PopeWatch: Peron

Rorate Caeli reminds us that one of the keys to understanding Pope Francis is to look at Argentinian Dictator Juan Peron:


In 2014, we said the following on the Francis Pontificate:
The current situation of ecclesiastical politics might perhaps be better understood by those who have a grasp of three important concepts in Hispanic (Spanish and Spanish-American) political tradition: Caudillismo, an ancient and powerful political concept, system, and idea that is deeply ingrained in the Hispanic mind and experience, regardless of the theoretical political system in place; Caciquismo, a very peculiar and mostly Latin American version of Caudillismo; and the Argentine hazy political sub-concept of Caudillismo and Caciquismo known as Peronismo, which transformed the highly successful Argentine Republic of the early 20th century into what it is today.
This week, we were sent a link to a video of Argentine tyrant Juan Domingo Perón in an interview conducted in July 1973, 46 years ago. This is what Perón says in the video:

Also Mao [Zedong] says this: “The first thing that a man must discern when he leads is to establish clearly who are his friends and who are his enemies.” And to dedicate himself — it’s not Mao who says this, I say it: “To the friend, everything. To the enemy, not even justice!” [Laughter in the background.] Because in these things one cannot have dualities.
This attitude is all very familiar to whoever watches the Vatican closely in the present. At that moment in history, Father Jorge Mario Bergoglio SJ was very close to the Peronist movement.
Yep, with this Pope we definitely got a man from the peripheries, to use one of the Pope’s favorite cant phrases.

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  1. Disagree. Rule by entrepreneurial caudillos is something that largely evaporated in Latin America nearly 50 years ago. The military regimes operating in Latin America after 1969 had a corporate personality and typically rotated the Presidency among a series of officers through one mechanism or another. You also see instances of the collegium of chiefs of staff or flag rank officers asserting discipline over errant leaders. You had a number of exceptions, but these were qualified in various ways.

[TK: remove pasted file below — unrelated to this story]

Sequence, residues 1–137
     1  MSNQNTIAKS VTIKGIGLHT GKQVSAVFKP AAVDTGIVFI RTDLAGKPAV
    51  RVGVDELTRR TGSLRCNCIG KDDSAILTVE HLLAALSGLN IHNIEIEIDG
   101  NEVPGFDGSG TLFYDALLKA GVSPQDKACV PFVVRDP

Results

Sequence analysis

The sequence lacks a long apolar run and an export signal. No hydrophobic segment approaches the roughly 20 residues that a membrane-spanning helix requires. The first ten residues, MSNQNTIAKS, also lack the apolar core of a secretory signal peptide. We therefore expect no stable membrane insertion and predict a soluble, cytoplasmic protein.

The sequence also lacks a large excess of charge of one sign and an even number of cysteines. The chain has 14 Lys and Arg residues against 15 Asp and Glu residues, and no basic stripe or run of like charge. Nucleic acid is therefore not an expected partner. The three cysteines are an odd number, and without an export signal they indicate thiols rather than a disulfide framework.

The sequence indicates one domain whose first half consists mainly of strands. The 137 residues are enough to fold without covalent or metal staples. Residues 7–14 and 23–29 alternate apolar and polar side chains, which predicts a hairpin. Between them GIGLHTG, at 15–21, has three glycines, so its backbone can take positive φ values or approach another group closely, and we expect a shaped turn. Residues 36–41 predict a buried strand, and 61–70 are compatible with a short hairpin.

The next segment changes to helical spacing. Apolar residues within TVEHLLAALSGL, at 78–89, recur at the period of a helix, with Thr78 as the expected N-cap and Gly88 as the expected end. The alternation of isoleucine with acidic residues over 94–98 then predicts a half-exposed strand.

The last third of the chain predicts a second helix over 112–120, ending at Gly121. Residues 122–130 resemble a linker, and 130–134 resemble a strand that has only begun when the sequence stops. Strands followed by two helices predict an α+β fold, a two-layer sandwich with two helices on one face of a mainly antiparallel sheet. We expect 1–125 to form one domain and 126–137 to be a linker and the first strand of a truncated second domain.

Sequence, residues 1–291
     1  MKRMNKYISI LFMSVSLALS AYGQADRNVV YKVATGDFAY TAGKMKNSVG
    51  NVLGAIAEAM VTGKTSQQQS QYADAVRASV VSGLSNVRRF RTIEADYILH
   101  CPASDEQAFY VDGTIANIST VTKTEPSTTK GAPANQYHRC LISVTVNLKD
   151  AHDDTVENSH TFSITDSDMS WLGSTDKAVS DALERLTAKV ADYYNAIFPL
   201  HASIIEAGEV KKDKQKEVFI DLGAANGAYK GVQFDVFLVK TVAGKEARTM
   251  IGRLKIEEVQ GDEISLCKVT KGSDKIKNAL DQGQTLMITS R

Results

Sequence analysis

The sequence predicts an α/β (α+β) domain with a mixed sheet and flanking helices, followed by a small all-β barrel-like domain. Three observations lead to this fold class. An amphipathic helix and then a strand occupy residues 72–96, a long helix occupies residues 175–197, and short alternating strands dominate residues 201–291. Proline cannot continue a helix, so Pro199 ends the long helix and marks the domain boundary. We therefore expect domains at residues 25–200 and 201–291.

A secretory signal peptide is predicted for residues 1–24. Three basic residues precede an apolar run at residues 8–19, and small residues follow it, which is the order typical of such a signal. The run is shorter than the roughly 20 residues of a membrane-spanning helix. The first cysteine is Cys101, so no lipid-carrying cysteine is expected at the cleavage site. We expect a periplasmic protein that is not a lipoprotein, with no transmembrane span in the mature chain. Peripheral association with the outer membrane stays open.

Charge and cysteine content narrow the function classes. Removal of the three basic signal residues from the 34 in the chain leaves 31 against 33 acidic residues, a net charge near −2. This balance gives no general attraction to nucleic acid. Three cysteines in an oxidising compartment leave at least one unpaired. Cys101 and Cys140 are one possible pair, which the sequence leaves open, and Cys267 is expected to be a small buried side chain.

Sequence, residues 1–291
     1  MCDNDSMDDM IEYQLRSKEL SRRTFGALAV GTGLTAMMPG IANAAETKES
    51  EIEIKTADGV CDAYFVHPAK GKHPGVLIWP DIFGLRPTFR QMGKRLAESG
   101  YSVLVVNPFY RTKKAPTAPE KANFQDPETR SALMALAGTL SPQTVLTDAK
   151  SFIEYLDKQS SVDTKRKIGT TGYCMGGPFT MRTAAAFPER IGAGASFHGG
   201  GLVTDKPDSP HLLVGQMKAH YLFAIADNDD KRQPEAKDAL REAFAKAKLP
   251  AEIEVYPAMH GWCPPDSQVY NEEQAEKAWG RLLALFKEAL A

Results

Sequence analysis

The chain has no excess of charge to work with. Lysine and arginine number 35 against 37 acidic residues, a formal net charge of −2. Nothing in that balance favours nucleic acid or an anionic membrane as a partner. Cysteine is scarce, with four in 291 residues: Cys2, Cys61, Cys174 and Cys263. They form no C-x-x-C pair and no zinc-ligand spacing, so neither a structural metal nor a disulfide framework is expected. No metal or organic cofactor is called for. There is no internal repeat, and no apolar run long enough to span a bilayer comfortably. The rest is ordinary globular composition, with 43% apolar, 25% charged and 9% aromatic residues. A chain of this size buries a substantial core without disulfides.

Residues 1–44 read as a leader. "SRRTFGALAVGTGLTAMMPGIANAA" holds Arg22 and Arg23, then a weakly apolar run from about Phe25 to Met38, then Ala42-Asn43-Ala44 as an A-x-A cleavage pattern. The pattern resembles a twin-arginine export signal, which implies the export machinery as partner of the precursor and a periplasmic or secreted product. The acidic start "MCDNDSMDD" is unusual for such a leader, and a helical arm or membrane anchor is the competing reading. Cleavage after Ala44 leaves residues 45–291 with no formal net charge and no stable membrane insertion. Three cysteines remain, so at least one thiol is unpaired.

Although there was a cult of personality around Peron, his movement began with an exercise in institution building: the promotion of trade unionism when he was minister of labor during the military regime which ruled from 1943 to 1946. Peron obtained office through competitive elections and built a political party which could and did survive him. (Though nowadays, there’s an array of political parties which claim Peron’s organization for their pedigree).

  2. Disagree Art. Peronism has remained a very live reality in Argentina, admittedly coming in a multitude of flavors. What the Pope has gleaned from Peron is the value of a cult of personality, the value of being deliberately vague, the power of invoking the poor as a license for doing what one wishes to do and that the exercise of power is largely the rewarding of friends and the punishing of enemies.

  3. Disagree Art. Peronism has remained a very live reality in Argentina,

    I agree. However, Peron was not a caudillo of the usual sort. A caudillo stands at the center of a small social network which promotes him and then disappears when he does. Even the Somozas multi-generational patrimonial regime (which captured a large share of the country’s productive capacity) fell completely to pieces in less than a year and never had any constituency in subsequent years.

    Peron’s rhetorical strategies and oddities are delineated by Jacobo Timmerman in his memoir of the period. The American Universities Field Staff composed an assessment of Argentina which was published in 1963 that’s consistent with your thesis. The political parties of the day consisted of people who understood state power as a means of redistributing resources to your particular clientele. (The degenerate sort of political science I was taught 35 years ago conceived of this as the whole point of political life, not merely in decayed political societies like Argentina, but in the United States).

  4. Sorry but you are wrong.

    Perón was against Caudillismo and he stated it in his clases of Political Driving ( “Conducción Política”; in the strategic sense of the term) in the Peronist School in the fifties.